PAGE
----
Zambian Peacekeeper Wins United Nations Woman Police Officer Of The Year Award

by Duke Magazine

A Zambian policewoman currently serving in the United Nations Mission in South Sudan (UNMISS) has been officially announced as the United Nations Woman Police Officer of the Year. Chief Inspector Doreen Malambo of Zambia was announced the winner of the award established in 2011 by the UN Department for Peace Operations.

The UN Undersecretary-General for Peace Operations, Jean-Pierre Lacroix, at a virtual ceremony on Tuesday, praised Malambo for her “exceptional commitment to gender equality, in particular to advancing the rights of women and girls, by empowering them to claim their rights and to enhance their full participation in social, political, and economic life.”

He said Malambo has worked tirelessly with her colleagues inside and outside UNMISS to enhance the protection of civilians and encourage and empower both women and men to be advocates for the protection and advancement of the rights of women and girls. “Malambo represents the very best of UN peacekeeping,” he added.

“Congratulations to Chief Inspector Doreen Malambo of Zambia on being awarded the United Nations [@UN] Woman Police Officer of the Year! I’m grateful for her contributions to our UN Peacekeeping [@UNPeacekeeping] mission in South Sudan, where she leads efforts to help reduce & prevent sexual & gender-based crime,” UN Secretary-General Antonio Guterres said in a tweet.

Malambo was first deployed to UNMISS in 2016 as a joint integrated police trainer. She returned to UNMISS for the second time in 2019. Currently, she serves as a Gender Adviser in Juba, South Sudan. 

Her previous UN experience includes deployment with the UN Mission in Liberia (UNMIL) from 2008 to 2009, where she assisted the Liberia National Police to prevent and investigate sexual and gender-based violence and domestic violence, according to a release by the UN. Her national experience spans 24 years with the Zambia Police Service.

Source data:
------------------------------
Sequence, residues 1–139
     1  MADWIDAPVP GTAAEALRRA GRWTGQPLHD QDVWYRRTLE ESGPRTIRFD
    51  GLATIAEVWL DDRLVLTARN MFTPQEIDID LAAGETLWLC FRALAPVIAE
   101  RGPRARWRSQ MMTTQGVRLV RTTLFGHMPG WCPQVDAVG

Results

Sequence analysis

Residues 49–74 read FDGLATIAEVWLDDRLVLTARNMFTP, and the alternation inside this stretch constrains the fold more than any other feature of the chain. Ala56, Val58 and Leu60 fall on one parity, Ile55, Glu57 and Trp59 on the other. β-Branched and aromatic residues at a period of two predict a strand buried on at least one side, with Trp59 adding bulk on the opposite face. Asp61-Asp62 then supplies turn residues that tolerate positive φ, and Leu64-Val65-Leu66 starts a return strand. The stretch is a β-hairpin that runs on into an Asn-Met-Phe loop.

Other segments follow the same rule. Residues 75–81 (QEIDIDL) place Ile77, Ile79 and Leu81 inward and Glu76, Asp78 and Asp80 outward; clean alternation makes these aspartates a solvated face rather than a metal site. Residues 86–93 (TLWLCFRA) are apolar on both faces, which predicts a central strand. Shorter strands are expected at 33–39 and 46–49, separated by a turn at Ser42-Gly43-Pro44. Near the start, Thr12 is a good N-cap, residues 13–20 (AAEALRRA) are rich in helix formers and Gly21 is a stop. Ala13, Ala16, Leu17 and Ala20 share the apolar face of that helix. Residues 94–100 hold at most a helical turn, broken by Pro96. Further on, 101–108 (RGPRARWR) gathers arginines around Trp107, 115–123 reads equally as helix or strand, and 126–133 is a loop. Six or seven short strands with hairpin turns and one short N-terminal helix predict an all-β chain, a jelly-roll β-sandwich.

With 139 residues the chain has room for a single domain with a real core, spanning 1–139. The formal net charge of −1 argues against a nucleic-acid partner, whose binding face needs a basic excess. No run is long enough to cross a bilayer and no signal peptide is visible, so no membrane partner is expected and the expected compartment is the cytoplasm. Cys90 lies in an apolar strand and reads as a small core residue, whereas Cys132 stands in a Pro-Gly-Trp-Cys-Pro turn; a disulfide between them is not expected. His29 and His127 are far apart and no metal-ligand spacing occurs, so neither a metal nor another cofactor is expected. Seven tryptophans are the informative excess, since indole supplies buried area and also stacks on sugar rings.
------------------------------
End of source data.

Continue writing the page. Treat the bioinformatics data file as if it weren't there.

She is credited with working in partnership with the UN Population Fund (UNFPA) to establish the Stand Up for Rights of Women and Girls initiative that has helped to reduce and prevent sexual and gender-based crime in South Sudan. 

As part of this project, Malambo “created a network of groups led by male local police officers to engage other men in the community to disseminate information and promote the protection and advancement of the rights of women and girls.”

In her acceptance speech, she said she is motivated by the fact that she is making a difference by working to empower women and promote their active inclusion and participation in society. “Women’s empowerment is the key to increasing the visibility of interests, concerns, needs and contributions of women as we advance the Women, Peace and Security agenda,” she said. 

She dedicated the award to women in UN police missions and girls in South Sudan. “The world is full of opportunities, and I would encourage all the women and girls to dream. I dreamed that one day I would get this award. It has come. It has become a reality. And dreams come true if you work hard for it.” 

The award was established to recognize the exceptional contributions of women police officers to UN peace operations and to promote the empowerment of women. About 11,000 UN police, 1,300 of whom are women, are deployed in 16 United Nations peace operations today to enhance international peace and security by supporting host countries in conflict, post-conflict and other crises, the UN release said.

The UN’S goal is to deploy 30% women among individual police officers and 20% among formed police units by 2028.

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